Message and Similarities between Faulkner’s Short Story Entitled ‘Wash’ and the Absalom, Absalom!
Wash was written in 1933, three years before the publication of Absalom, Absalom! This short story makes the novel complete considering the message and representation of the South.
Typical Southern themes are present here as well: strong family relationships, the loss of the Civil War described in a melancholic way, aggression, and violence. One of the first things we get to know about Sutpen is that he thought in the Civil War (very strongly emphasized in here). His stable is nicer than his own house (house and character are in a relationship, and it becomes relevant later that horses are more valued by him than people). His present house is just the remains of a majestic house (reference to his personal and financial decrease). He keeps and raises horses, indicating his social character.
A sudden tragedy happened to him- lost his wife and son nearly at the same time. (The son was killed but cannot be Henry, his death is a mystery. Charles Bon was killed in 1865, three years after Ellen Coldfield’s death, so this information can be a hint to the family relationship between Sutpen and Charles Bon). Therefore, his family line is broken, and very keen on having a son who would go on with the family name. He takes up with Milly Jones for this reason.
The person who is in the habit of listening to Sutpen’s stories about the Civil War is Wash Jones, the ‘white trash’. He is living in a shack given by Sutpen. Years before he was not allowed to enter Sutpen’s house, but since Sutpen once got terribly drunk during their common drinking, Wash Jones took him home and from that time he would always do that (a reference again to the fall of Sutpen).
The person who would open the door for Wash Jones is Judith, the ‘unbrided widow’, in the short story: ‘Miss Judith’. Her only task is to check if Sutpen is in bed when he is drunk. She is the only close relative of Sutpen whom he can count on in 1869.
Wash Jones is on the bottom of society, he is of lower rank than the Blacks, because they had the chance to go to the Civil War at the second wave as opposed to the white trash. Therefore he is mocked by everyone, even the Blacks cannot be forced to show any kind of respect for him.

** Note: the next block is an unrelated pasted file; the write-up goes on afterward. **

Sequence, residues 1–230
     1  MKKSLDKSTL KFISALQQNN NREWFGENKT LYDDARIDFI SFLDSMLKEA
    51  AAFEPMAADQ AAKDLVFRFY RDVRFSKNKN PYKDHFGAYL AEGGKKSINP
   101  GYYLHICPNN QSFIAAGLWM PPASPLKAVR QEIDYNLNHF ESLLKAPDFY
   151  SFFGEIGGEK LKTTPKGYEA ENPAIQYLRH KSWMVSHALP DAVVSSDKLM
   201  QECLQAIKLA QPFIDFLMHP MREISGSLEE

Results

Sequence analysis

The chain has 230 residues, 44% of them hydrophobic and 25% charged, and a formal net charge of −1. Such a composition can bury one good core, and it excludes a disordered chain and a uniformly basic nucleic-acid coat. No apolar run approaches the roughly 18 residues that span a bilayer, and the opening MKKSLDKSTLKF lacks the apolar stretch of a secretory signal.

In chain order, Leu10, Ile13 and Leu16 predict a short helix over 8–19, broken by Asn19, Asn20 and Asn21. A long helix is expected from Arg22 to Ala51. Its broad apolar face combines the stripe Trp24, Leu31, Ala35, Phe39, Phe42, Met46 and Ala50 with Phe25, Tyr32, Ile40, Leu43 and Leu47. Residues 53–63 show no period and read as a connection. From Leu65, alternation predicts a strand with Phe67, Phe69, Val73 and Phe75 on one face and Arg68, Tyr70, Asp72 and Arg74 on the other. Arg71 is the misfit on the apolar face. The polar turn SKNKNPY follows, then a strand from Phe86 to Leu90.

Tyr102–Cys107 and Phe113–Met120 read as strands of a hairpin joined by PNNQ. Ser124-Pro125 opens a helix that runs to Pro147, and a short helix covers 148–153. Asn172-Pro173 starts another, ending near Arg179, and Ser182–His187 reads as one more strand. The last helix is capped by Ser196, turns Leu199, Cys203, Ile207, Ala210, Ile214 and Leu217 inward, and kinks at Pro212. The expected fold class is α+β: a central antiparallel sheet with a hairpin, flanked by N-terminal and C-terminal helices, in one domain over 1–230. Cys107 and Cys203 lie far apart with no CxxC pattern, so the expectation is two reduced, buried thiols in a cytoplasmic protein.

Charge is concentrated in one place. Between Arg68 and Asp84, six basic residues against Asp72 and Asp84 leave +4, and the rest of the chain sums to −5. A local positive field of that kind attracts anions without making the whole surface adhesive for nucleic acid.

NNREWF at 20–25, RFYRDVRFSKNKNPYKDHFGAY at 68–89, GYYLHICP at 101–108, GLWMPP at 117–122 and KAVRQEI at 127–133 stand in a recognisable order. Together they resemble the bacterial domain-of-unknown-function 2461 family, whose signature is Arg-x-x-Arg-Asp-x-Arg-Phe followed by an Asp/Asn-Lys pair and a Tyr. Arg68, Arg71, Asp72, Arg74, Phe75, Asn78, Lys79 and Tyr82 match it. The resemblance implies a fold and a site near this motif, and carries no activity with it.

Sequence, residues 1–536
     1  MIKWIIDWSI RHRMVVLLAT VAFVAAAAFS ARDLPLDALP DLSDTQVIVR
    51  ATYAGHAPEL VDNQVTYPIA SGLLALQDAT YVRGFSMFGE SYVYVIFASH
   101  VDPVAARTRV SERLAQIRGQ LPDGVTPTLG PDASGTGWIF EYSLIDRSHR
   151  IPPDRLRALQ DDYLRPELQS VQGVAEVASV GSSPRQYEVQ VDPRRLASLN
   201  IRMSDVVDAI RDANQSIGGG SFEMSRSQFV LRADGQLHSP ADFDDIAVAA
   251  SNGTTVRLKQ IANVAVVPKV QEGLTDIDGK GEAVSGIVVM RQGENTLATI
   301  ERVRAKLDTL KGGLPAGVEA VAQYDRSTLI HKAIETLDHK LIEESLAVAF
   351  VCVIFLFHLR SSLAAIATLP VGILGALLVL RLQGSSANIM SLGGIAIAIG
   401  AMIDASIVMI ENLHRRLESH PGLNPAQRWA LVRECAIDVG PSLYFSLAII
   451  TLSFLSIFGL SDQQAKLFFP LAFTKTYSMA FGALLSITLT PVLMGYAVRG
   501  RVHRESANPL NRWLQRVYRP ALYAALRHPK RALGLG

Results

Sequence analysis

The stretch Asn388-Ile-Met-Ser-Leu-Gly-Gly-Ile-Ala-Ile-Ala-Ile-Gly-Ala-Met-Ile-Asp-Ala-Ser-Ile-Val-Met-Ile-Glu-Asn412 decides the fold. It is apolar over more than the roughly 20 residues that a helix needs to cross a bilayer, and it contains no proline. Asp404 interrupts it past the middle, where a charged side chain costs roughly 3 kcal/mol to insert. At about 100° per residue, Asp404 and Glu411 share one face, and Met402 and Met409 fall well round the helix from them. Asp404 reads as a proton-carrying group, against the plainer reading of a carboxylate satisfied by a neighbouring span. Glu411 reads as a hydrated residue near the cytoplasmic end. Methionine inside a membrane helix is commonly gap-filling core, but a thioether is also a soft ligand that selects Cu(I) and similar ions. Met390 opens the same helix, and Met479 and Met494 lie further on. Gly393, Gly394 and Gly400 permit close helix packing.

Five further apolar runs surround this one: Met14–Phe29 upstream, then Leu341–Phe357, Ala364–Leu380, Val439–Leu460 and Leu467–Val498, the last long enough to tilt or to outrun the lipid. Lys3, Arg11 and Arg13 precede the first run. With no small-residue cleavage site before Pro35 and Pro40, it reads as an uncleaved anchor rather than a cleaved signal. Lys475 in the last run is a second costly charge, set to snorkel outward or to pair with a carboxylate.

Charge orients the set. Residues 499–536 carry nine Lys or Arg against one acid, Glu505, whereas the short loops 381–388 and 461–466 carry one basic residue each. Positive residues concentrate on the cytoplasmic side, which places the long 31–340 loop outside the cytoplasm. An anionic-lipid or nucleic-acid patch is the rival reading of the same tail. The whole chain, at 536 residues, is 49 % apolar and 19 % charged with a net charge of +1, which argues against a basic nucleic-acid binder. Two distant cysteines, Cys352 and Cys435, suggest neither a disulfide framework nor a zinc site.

According to this information the question arises: How come that Wash Jones and Sutpen drink together? A person who did fight in the Civil War, and someone who never had the chance.
Wash thinks he increases to the level of Sutpen. He would say to Sutpen: ‘Well, Kernel… they kilt us but they ain’t whupped us yit, are they?’
But in reality Sutpen now has descended, he cannot keep that level of distance from Wash, although he keeps up this pretence (for example, they talk only on Sundays and in secret, and Wash in theory still cannot enter his house, only after their drinking).
For Wash Sutpen’s glory is unquestionable, because he thought for the values and ideas of the South.
Therefore, when Wash realizes that Sutpen is trying to get his own granddaughter, he trusts him, but it goes without saying that for Sutpen marriage is out of question. He just simply cannot afford it at the age of 60. (From the Absalom, Absalom! we know that before Milly Jones Sutpen wanted to marry Rosa Coldfield for the same purpose, but after a while she changed her mind because she wasn’t willing to breed ‘like a couple of dogs’). So it is more convenient to have sex with a young and healthy girl.
After Milly’s child is born, Sutpen sees that the baby is a girl, and his reaction disappoints Wash Jones. That is: ‘Well, Milly… too bad you are not a mare. Then I could give you a decent stall in the stable.’
This is the point Wash Jones realizes that Sutpen is not as perfect and honourable person as he thought him to be. ‘He heard what Sutpen said, and something seemed to stop dead in him before going on.’
Morally Sutpen is the white trash because as opposed to Wash he does not know what is right and what is wrong. It does not matter if he thought in the Civil War or not. It is a matter of humanity.
The role of the scythe that Wash Jones borrowed from Sutpen is symbolic. Wash wanted to cut the weeds with it, but in the end he uses it for killing Sutpen. ‘When Wash rose and advanced once more he held in his hands the scythe which he had borrowed from Sutpen three months ago and which Sutpen would never need again.’
Therefore, Sutpen becomes his own executor; he is the weed to cut. Faulkner emphasizes it with Sutpen’s descending into the weeds. ‘He went out, passing out the crazy doorway and stepping down into the rank weeds…’
The question arises for Wash: If the world is full of Sutpens, where can he flee? Immoral people like Sutpen can not win for which they are fighting. This may be Faulkner’s moral response to the loss of the Civil War.